Lithium ion batteries are undoubtedly the most successful energy storage devices to date, and are used for portable electronics, electric vehicle propulsion and stationary storage. However, lithium reserves are considered to be limited, or in politically unstable environs,1 meaning that extensive use of lithium-ion batteries in stationary applications could exhaust lithium resources and thereby further increase the cost of lithium.1,2 New battery chemistries that are based on cheaper, more sustainable materials must therefore be developed as fossil fuels are phased out while renewable forms of energy generation require stable and inexpensive energy storage to overcome their variability of supply. An obvious alternative to lithium is sodium, which, like lithium, shows intercalation chemistry suitable for use in energy-storage devices.3 Sodium is also abundant, cheap, and relatively easy to recycle.1 In the sodium ion battery, the negative current collector can consist of inexpensive, lighter and more abundant Al instead of Cu. Together, this makes sodium ion batteries a potential technology to compete with lithium-ion batteries.4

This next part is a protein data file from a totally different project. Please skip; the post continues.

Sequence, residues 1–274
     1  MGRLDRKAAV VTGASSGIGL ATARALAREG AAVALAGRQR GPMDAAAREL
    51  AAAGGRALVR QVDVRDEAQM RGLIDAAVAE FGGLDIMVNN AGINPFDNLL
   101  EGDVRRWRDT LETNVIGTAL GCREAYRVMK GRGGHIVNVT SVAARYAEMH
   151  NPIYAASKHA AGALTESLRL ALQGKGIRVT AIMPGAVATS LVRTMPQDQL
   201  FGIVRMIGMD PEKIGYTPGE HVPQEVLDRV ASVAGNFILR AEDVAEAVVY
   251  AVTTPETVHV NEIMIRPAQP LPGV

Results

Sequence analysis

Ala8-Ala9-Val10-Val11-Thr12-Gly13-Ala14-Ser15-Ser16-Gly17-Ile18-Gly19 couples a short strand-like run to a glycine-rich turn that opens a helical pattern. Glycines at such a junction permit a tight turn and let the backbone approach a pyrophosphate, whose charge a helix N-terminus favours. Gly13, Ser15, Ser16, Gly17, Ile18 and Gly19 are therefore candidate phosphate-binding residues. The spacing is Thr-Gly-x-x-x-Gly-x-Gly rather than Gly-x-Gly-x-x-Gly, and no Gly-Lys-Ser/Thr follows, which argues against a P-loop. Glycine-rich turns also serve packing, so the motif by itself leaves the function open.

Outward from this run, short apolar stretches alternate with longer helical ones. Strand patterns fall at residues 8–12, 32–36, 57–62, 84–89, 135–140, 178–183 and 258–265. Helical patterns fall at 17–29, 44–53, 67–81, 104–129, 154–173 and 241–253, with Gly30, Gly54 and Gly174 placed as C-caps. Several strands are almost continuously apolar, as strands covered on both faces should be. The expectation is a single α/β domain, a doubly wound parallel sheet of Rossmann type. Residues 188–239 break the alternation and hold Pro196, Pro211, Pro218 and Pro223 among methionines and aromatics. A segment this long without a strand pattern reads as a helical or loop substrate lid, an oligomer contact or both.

Commercialized sodium technologies include high temperature Na/S cells for MW energy storage and Na–NiCl2 ZEBRA-type cells for electric vehicles.2 Both cells employ a highly conducting beta-alumina ceramic electrolyte, and operate above 300 °C.2 Room-temperature sodium-ion batteries are sought-after because they are expected to be more efficient, safer and more reliable than high-temperature batteries.3,5,6

Sodium ions are larger, and diffuse more slowly, than lithium ions.7 This presents a tremendous challenge for the development of reversible intercalation electrodes that can deliver charge quickly. A variety of host materials, including transition-metal oxides, phosphates, and ferrocyanides, have been explored as potential cathodes for sodium-ion batteries.7–17 Although these materials have relatively high operating potential windows, they display multi-step charge–discharge processes which may lead to poor cycling stability in battery applications.18